Regarding the second he says, and consent not, etc. For the Lord Jesus came to give testimony to the truth. Jn. 18:37: For this I was born, and for this came I into the world; that I should give testimony to the truth. And therefore He was sent by the Father as a doctor and teacher. 1 Mach. 2:65: Give ear to him always, and he shall be a father to you, etc. And therefore whatever does not conform to their words is erroneous. 1 Kg. 15:23: It is like the sin of witchcraft, to rebel: and like the crime of idolatry, to refuse to obey. And he says, sound, because in the words of Christ nothing is corrupt, nothing false, or perverse, since they are words of divine wisdom. Prov. 8:8: All my words are just, there is nothing wicked nor perverse in them. They are right to them that understand, and just to them that find knowledge.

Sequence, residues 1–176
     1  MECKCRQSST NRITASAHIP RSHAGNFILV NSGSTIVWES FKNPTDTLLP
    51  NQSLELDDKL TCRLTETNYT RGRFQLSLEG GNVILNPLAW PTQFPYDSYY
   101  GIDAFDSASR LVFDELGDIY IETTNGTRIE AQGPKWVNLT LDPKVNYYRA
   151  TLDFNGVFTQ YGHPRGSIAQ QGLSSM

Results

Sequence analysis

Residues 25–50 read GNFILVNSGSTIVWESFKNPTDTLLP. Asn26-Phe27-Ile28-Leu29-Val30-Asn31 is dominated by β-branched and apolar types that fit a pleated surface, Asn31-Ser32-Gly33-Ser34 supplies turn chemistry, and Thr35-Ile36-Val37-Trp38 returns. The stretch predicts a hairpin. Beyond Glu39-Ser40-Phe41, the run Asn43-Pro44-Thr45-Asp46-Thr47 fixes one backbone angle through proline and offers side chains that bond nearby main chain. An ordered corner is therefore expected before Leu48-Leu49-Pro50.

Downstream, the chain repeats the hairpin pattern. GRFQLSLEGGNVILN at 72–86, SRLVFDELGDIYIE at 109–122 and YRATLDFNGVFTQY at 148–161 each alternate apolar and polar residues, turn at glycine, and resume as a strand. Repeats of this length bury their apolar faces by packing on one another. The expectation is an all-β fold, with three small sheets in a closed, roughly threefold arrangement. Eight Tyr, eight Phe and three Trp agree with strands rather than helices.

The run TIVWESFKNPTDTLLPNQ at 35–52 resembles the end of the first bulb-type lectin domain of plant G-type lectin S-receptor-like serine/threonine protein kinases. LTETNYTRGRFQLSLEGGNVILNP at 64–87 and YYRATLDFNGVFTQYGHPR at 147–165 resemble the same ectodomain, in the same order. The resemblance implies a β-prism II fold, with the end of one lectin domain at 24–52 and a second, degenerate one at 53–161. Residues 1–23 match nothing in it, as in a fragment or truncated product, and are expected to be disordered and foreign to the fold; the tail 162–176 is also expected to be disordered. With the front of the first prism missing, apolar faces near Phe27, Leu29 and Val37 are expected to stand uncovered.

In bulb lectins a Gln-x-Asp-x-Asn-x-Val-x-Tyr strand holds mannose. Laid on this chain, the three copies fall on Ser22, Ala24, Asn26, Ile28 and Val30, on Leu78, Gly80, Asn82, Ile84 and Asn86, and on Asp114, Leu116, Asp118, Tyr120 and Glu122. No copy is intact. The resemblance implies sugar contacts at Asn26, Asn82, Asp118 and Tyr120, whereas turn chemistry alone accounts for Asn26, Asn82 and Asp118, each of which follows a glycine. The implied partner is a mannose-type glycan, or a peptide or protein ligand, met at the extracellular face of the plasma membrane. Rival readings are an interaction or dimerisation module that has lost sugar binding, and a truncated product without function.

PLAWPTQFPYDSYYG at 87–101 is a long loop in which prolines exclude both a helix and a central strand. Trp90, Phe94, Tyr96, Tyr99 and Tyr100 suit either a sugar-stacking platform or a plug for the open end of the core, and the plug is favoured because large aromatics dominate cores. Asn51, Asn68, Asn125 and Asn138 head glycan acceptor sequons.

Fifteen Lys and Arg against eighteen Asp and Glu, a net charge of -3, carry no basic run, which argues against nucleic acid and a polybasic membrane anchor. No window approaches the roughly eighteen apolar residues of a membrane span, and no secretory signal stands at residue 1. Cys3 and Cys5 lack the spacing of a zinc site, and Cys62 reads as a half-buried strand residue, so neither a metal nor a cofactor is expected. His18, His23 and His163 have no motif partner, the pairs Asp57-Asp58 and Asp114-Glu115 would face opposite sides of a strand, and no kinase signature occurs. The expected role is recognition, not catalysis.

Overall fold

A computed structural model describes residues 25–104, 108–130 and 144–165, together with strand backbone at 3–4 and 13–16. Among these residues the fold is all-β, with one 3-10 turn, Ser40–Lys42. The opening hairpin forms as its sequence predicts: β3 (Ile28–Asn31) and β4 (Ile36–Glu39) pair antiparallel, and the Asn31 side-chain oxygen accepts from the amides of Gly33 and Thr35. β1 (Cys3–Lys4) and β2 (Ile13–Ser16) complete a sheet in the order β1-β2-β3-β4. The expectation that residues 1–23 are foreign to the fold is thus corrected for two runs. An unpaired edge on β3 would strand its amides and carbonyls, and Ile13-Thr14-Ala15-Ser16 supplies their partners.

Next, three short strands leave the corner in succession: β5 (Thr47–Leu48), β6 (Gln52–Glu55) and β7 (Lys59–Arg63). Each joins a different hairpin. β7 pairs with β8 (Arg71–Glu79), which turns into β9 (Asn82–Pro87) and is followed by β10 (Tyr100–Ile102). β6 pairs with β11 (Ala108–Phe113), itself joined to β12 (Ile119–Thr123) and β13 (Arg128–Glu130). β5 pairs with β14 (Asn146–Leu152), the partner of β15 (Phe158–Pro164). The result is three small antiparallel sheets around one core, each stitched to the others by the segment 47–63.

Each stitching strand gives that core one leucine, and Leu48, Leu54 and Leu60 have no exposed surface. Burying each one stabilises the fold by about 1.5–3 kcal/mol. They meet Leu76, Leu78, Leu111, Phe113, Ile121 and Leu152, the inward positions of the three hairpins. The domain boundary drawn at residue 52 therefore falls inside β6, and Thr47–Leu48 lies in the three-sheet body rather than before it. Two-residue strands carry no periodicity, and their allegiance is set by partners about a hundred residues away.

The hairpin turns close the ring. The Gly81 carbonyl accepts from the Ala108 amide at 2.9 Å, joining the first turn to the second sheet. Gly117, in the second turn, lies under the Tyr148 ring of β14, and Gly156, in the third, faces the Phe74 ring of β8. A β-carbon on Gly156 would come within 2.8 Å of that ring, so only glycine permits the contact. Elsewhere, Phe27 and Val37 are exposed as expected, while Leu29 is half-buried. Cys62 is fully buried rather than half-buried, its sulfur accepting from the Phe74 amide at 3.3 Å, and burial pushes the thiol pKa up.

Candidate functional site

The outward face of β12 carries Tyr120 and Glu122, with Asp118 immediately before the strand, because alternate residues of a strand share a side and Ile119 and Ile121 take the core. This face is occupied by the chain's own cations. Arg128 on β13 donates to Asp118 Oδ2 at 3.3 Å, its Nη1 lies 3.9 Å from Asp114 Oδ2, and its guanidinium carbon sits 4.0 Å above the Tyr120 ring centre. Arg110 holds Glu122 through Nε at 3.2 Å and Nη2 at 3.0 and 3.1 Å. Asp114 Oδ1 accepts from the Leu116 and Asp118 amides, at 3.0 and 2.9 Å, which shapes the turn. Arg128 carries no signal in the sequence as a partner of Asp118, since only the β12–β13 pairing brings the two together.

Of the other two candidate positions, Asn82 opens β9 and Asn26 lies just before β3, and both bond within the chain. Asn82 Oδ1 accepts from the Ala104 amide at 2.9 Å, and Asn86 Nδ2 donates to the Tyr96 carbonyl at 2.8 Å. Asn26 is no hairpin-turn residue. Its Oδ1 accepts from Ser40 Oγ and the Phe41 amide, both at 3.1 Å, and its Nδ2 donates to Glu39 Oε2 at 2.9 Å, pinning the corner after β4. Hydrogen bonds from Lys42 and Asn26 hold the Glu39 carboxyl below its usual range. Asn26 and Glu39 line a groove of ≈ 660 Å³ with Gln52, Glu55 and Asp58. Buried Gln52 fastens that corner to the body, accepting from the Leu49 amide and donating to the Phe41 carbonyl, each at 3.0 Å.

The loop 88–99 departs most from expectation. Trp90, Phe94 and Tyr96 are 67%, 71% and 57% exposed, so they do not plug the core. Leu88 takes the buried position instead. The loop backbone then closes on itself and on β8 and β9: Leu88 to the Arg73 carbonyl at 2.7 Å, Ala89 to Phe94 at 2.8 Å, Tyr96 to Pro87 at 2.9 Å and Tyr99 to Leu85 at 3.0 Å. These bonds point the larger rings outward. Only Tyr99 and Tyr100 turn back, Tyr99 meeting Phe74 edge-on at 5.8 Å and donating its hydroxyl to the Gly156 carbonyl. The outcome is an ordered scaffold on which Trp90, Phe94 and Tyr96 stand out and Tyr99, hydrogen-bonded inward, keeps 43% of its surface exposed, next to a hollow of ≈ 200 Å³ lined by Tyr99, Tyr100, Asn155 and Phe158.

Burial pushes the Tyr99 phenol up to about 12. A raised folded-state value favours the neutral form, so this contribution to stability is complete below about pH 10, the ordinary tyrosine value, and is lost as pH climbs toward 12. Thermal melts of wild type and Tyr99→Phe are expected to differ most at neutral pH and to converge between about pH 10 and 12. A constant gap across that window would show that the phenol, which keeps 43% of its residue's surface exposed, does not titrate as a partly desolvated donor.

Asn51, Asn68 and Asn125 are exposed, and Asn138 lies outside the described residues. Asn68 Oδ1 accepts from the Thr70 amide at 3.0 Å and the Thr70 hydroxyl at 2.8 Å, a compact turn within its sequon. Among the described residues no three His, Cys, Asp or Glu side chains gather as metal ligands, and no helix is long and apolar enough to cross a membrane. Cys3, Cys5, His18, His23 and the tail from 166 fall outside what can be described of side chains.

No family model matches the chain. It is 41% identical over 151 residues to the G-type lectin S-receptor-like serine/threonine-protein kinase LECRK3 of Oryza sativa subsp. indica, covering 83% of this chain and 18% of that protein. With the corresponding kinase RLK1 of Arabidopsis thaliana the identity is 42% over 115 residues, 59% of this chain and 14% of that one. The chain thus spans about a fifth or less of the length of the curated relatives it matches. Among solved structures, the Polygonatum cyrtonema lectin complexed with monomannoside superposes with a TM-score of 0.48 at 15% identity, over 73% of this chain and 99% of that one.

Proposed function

Regarding the third, it says in Prov. 6:20, My son, keep the commandments of thy father, and forsake not the law of thy mother. Whence he says, and to that doctrine which is according to godliness, namely, ecclesiastical doctrine. This godliness is through the worship of God. Tit. 1:1: According to…the acknowledging of the truth, which is according to godliness.
Latin text:
Si vis scire, quae doctrina sit erronea, hoc ostendit ex tribus. Primo si sit contra doctrinam ecclesiasticam. Et ideo dicit si quis aliter docet, scilicet quam ego et alii apostoli, quantum ad primum. Gal. I, 9: si quis vobis evangelizaverit praeter id quod accepistis, anathema sit. Doctrina enim apostolorum et prophetarum dicitur canonica, quia est quasi regula intellectus nostri. Et ideo nullus aliter debet docere. Deut. Iv, 2: non addetis ad verbum quod loquor vobis, neque auferetis ex eo. Apoc. Ult.: si quis apposuerit ad haec, apponet deus super illum plagas scriptas in libro isto.